Clever Ways to Pay for College including a Scholarship from Melvin Brewing

It has been well document that college students today who graduate are facing mounting challenges, see for example the post Medical School Student Costs in the U.S. are Affecting Mental Health. The cost of college is a primary barrier for many in the U.S. According to the article Why Is College in America So Expensive? appearing in The Atlantic (Amanda Ripley, 2018), Americans spend about $30,000 per student a year—nearly twice as much as the average developed country. For many families finding a creative way to pay for college can be the difference between being able to attend full-time. Below describe some of the traditional ways along with more clever ways to help pay for college. 1. Scholarships Traditional routes to pay for college include scholarships. When looking for scholarship opportunities be sure to look far and wide. As many … Read more

Osteomyelitis after Wisdom Teeth Removal can Lead to Multiple Reconstructive Surgeries

Wisdom teeth removal is not without risks and complications such as osteomyelitits can occur. Osteomyelitits is an inflammation and infection of bone cortex and marrow that develops in the jaw. Some symptoms that can occur with osteomyelitits include high body temperature, increased pain, and neck swelling. In some cases emergency treatment is required to prevent death. In a case in 2012, a 24 year old man woman had an upper left and a lower right wisdom tooth extracted by an oral and maxillofacial surgeon. Five days after surgery the woman returned to the oral surgeon’s office where he discoveredmild swelling near the lower right wisdom tooth site, without pus, and a large amount of food debris. He irrigated the area, placed gel foam packing, and gave the woman a prescription for penicillin. Ten days after surgery the woman returned to … Read more

Using imaging to map arteries to reduce complications and improve outcomes in oral surgeries

When oral surgeons are working in the mouth they use the greater palatine artery as a landmark which is important for them to know to avoid damaging any surrounding nerves. There can be a discrepancy of where the surgeon thinks the palatine artery is and where it actually is by up to around 4 to 5 millimeters. This discrepancy is enough to lead to complications and injuries while the surgeon is working in the mouth area. One such complication that could occur is that the greater palatine artery is severed and significant bleeding occurs (hemorrhaging). The greater palatine nerve is also very close to the greater palatine artery and damaging this nerve can lead to potential permanent loss of feeling in parts of the mouth. As a result, oral surgeons tend to avoid any possible locations around where the greater … Read more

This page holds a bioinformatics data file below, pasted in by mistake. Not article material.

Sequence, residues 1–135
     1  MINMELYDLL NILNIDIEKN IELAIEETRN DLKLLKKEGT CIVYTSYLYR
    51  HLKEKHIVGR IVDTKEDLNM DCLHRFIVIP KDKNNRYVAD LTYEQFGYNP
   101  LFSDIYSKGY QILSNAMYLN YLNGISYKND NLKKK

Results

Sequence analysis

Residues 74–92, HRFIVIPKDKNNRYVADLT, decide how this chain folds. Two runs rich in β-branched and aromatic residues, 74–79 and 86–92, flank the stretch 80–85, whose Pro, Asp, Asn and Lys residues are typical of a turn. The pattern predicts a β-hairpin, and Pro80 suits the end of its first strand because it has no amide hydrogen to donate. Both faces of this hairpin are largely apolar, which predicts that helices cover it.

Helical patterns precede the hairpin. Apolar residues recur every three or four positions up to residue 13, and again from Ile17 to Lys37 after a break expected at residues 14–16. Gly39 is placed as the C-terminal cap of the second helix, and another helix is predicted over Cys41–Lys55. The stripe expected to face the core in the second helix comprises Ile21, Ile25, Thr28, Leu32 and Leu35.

Does Keeping Wisdom Teeth Lead to More Lower Jaw Fractures?

An interesting article titled “Does an Association Exist Between the Presence of Lower Third Molar and Mandibular Angle Fractures?: A Meta-Analysis” written by Ruela et al. appears in the 2018 edition of the Journal of Oral and Maxillofacial Surgery (vol. 76, pp. 34-45). The article seeks to explore if having wisdom teeth can lead to more lower jaw fractures and specifically mandibular angle fractures. In the article the authors argue how in the past some have argued for the prophylactic (preventative) removal of wisdom teeth to prevent mandibular angle fractures. This is because the mandibular angle occupies an area that should be filled with bone and by having teeth in this area it is susceptible to be 2 to 3 times or likely to fracture. To investigate this the authors performed a systematic review and meta-analysis to look at studies … Read more

Preventing Lingual Nerve Damage After Wisdom Teeth Extraction

An interesting article titled “Prevention of Lingual Nerve Injury in Third Molar Surgery: Literature Review” written by Pippi et al. appears in the 2017 edition of the Journal of Oral and Maxillofacial Surgery (vol. 75, pp. 890-900). The article discusses attempting to identify any factors that could influence if a patient suffers lingual nerve damage after wisdom teeth removal. In the study the authors reviewed previous literature published up until February 2016 that pertained to lingual nerve injuries after wisdom teeth surgery. From the literature review the authors analyzed three different surgical techniques used for wisdom teeth removal: 1) buccal approach, 2) lingual split technique, and 3) buccal approach plus lingual flap retraction in order to determine if their were any differences on lingual nerve injuries. The authors also evaluated the association between nerve damage and tooth sectioning or ostectomy. … Read more